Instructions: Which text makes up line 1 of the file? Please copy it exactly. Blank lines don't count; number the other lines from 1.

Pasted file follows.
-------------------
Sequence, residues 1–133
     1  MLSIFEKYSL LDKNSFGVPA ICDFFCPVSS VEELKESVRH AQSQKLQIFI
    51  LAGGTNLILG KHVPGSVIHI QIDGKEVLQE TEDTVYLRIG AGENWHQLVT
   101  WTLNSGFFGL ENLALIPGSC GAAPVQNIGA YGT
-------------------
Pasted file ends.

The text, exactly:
Sequence, residues 1–133